Wednesday, April 20, 2005

Effect of Fuel Prices on Car Haulers

The other day I was talking to one of my customers (I work at Autohauler Supply), and we were talking about the price of fuel. He said he's hearing that it may get above $3 per gallon, and that it might even hit the $4 mark this summer. It's hard to believe the government would stand by and let the entire transportation industry take a hit like that. Still, there's not a hell of a lot they could do. There's the strategic oil reserve. There's also the tax policy. Congress could give transportation companies tax credits to offset losses suffered due to fuel price spikes. They could also start tapping the strategic oil reserve to try and dampen the price spikes.

One of the biggest problems, however, is demand. With China's economy growing in double digits-- most of which is in fuel-intensive manufacturing, the oil producers of the world have little extra capacity. OPEC recently asserted that they would increase production-- and the price for oil futures shot up! Analysts said that the traders have come to believe that OPEC no longer has the ability to control the pricing of oil. In the past, if the price of oil went up too far, too fast, OPEC had only to announce that they were raising the production ceiling, and prices settled back down. (Strangely enough, OPEC doesn't want the price of oil to get too high, because if it goes past certain price-points, it then becomes cost-effective to develop alternative sources of energy.)

What does this mean for the auto hauling industry?

Well, for one thing, more fuel-efficient cars to transport from the ports to the dealers, and more sport utility vehicles to transport from the dealers to the auctions. (So it looks like the industry still has to worry about weight and height fines from the D.O.T.)

For another, it may mean a reverse in the downward pressure on load pricing. You can't have your costs go up out of sight and your revenue go down indefinitely. Eventually "something's gotta give".

Unfortunately, the effect of increasing fuel cost and decreasing load price may make it unfeasible to stay in the business. Owner-operators and small fleets of auto haulers need to find a profitable niche-- either that, or a way to pass on increased fuel costs.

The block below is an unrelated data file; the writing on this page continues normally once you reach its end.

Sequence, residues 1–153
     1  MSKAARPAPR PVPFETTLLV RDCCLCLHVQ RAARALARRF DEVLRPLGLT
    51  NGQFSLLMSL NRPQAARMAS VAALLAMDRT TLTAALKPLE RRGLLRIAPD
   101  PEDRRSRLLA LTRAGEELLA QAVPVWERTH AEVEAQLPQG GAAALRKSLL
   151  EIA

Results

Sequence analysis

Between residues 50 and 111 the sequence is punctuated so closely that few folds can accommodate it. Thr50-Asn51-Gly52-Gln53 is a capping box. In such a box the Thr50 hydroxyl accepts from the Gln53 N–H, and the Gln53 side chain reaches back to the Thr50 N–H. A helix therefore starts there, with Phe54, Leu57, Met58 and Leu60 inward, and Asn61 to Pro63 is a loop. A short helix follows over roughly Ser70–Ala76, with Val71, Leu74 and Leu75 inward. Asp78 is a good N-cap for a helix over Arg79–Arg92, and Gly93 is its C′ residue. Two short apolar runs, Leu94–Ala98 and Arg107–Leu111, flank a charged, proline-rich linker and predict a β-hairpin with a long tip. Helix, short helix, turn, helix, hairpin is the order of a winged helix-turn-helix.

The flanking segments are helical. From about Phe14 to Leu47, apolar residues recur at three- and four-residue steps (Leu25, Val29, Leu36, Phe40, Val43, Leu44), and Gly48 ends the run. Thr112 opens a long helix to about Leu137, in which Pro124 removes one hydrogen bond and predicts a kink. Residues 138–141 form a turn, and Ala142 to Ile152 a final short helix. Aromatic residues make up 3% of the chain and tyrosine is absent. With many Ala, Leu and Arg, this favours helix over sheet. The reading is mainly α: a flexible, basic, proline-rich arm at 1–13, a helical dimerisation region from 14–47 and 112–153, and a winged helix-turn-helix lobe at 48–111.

One thing we know about supply and demand is that over time, they balance each other out. If load price is going down because there is an "over-supply" of auto haulers competing for the business, eventually load prices will get down so low that it won't make sense for some people to stay in the business. Once enough people decide to trade their auto hauler trailer for a reefer or flatbed, the price of loads will start going up. That's the harsh reality.


H.A. said...

Fuel prices, slow paying brokers, low paying brokers, the transporters that take the low paying loads, IFTA taxes, too low speed limits for trucks and outrageous tolls - all interesting topics at the truck stops. The most interesting topic lately is some serious talk of a nationwide trucker strike. Just, no one seems to be organizing it. Seems that a state by state strike would be easier to orchestrate. Sounds like states would be targeted for specific issues i.e. "Cali" for their 55mph for trucks, 75 for cars. Other issues like IFTA, it should be banned. If companies didn't have to pay IFTA, they could pay their drivers more. Owner-Ops would put more in their pockets. Interesting stuff. Drivers, Owner-Ops, Companies should starting talking and find out whats really going on out their and work to fix it.

Tim Hudson said...

Your original post is as true today as it was 6 months ago. Fuel has begun to come down but we will never see it where it was 2 years ago. The past talk of a strike was just that talk. Truckers in the US will fight an uphill battle. Too many operators will low ball their prices just to get the work. There is very little loyalty among truckers in general. Auto hauling has gotten even tougher brokers have increased their prices but don't seem to be passing it on to the truck. Its frustrating.